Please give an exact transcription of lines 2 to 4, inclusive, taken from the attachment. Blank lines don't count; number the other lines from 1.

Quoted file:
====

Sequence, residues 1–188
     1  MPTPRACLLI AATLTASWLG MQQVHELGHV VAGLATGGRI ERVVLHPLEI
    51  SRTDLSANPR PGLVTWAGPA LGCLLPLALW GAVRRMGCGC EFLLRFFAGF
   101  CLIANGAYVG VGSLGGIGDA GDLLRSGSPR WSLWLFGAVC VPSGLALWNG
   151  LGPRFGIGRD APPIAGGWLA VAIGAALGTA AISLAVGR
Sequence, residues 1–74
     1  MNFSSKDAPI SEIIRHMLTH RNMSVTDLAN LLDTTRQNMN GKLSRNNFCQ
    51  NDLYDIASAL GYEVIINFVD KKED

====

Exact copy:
     1  MPTPRACLLI AATLTASWLG MQQVHELGHV VAGLATGGRI ERVVLHPLEI
    51  SRTDLSANPR PGLVTWAGPA LGCLLPLALW GAVRRMGCGC EFLLRFFAGF
   101  CLIANGAYVG VGSLGGIGDA GDLLRSGSPR WSLWLFGAVC VPSGLALWNG